I get that people’s lives are at stake; however, I don’t believe that the life of an officer is in any way more superior to the life of a “civilian”. Physical security professionals are paid (pretty well, I might add) to put themselves in harms way in order to protect life, not oppress the disadvantaged. I feel ABSOLUTELY NO SYMPATHY for any officer that wants to claim they weren’t prepared for the situation – you signed up for a dangerous job KNOWING it was a dangerous job. Claiming that you were “outgunned” &/or “weren’t prepared/trained to handle this level of conflict” is completely disingenuous. If you signed up for the job you’d better be ready to do it.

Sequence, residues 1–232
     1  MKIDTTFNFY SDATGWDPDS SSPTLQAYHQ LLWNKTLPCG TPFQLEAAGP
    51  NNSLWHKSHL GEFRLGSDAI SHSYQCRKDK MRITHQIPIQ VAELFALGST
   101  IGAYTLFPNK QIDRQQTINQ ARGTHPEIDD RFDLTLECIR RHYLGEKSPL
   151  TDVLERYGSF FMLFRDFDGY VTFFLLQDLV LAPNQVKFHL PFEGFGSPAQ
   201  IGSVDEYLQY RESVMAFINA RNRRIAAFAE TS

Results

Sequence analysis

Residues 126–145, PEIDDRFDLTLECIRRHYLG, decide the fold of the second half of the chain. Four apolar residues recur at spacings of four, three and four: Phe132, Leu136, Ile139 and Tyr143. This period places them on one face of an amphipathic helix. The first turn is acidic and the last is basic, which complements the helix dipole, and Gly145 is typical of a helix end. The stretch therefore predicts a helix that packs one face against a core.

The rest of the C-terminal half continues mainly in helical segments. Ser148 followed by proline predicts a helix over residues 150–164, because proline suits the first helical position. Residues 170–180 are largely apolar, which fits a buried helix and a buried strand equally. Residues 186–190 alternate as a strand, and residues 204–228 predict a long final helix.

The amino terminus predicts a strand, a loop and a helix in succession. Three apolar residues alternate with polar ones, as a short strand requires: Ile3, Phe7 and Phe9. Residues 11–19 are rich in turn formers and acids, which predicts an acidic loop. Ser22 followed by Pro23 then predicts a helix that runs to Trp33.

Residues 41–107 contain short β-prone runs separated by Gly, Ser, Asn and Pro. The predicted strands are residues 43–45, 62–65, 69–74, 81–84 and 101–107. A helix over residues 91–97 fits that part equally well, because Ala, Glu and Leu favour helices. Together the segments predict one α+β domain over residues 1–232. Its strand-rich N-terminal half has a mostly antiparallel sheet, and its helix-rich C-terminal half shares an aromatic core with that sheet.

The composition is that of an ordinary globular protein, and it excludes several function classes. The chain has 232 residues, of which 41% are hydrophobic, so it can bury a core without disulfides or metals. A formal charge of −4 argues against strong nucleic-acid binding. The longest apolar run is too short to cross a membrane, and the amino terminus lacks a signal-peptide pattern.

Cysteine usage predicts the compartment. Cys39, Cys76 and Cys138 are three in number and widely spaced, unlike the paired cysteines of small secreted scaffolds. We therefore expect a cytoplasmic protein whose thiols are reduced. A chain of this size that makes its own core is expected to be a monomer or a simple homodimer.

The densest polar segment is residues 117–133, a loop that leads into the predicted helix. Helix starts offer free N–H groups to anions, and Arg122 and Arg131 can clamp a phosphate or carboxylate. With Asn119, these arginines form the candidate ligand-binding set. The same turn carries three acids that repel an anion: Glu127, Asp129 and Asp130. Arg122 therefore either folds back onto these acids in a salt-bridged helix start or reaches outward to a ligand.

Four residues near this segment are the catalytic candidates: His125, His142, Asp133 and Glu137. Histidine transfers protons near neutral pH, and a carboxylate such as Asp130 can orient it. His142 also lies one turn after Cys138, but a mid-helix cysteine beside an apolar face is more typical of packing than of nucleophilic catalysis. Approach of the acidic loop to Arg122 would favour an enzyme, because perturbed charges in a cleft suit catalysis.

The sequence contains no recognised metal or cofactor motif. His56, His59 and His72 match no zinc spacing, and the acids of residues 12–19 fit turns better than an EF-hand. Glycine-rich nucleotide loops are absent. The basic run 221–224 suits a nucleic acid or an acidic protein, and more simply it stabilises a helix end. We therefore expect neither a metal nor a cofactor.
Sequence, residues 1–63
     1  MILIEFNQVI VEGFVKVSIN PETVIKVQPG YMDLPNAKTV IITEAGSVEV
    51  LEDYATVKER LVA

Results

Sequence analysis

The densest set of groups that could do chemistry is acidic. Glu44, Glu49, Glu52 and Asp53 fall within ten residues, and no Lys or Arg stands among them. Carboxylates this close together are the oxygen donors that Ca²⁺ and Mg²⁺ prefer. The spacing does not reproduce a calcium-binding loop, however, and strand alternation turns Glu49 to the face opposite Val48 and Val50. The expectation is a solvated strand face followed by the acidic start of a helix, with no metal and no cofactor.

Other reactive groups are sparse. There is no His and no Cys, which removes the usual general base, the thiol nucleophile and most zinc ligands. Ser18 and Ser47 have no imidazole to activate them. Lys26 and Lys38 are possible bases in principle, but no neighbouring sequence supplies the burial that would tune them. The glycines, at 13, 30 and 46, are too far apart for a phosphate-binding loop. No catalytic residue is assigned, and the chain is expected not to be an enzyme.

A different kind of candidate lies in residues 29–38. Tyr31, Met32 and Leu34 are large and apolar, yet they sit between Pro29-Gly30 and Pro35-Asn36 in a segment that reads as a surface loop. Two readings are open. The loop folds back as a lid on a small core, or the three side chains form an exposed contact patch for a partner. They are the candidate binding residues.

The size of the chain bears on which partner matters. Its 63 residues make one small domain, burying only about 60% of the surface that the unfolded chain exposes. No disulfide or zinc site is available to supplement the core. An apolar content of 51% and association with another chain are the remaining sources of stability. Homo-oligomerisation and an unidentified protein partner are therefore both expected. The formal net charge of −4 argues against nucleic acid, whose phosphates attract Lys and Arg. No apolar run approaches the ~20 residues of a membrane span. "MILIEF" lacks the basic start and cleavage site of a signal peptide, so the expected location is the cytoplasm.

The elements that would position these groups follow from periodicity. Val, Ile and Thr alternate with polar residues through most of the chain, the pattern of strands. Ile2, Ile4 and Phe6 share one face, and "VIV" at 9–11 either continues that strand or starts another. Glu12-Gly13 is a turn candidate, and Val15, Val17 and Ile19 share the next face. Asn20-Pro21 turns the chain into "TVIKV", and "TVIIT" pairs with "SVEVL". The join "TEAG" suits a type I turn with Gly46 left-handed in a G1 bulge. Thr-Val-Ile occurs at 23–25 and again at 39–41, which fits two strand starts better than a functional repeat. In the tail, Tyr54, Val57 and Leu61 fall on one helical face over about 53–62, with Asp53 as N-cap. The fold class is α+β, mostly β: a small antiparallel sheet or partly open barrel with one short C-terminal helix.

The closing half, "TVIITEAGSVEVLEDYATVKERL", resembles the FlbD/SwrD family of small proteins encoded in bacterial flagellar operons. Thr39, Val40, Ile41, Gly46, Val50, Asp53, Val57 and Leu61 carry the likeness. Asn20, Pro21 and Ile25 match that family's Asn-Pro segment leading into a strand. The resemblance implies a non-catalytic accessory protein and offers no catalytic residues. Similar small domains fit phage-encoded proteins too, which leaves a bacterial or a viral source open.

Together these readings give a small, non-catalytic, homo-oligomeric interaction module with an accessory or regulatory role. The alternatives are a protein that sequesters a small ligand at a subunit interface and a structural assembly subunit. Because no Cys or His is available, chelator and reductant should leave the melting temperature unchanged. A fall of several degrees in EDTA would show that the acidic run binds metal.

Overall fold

Then, for anyone to say it’s not “anything out of policy” to spend 35 minutes subduing an individual & in the process killing him is COMPLETE CRAP. When you have to hide behind policy to excuse the loss of humanity & common sense you have completely lost the end goal. There is no reason that all of the officers involved should not be convicted of both felonious assault & premeditated murder.

Sorry about the rant guys.

Nobody Important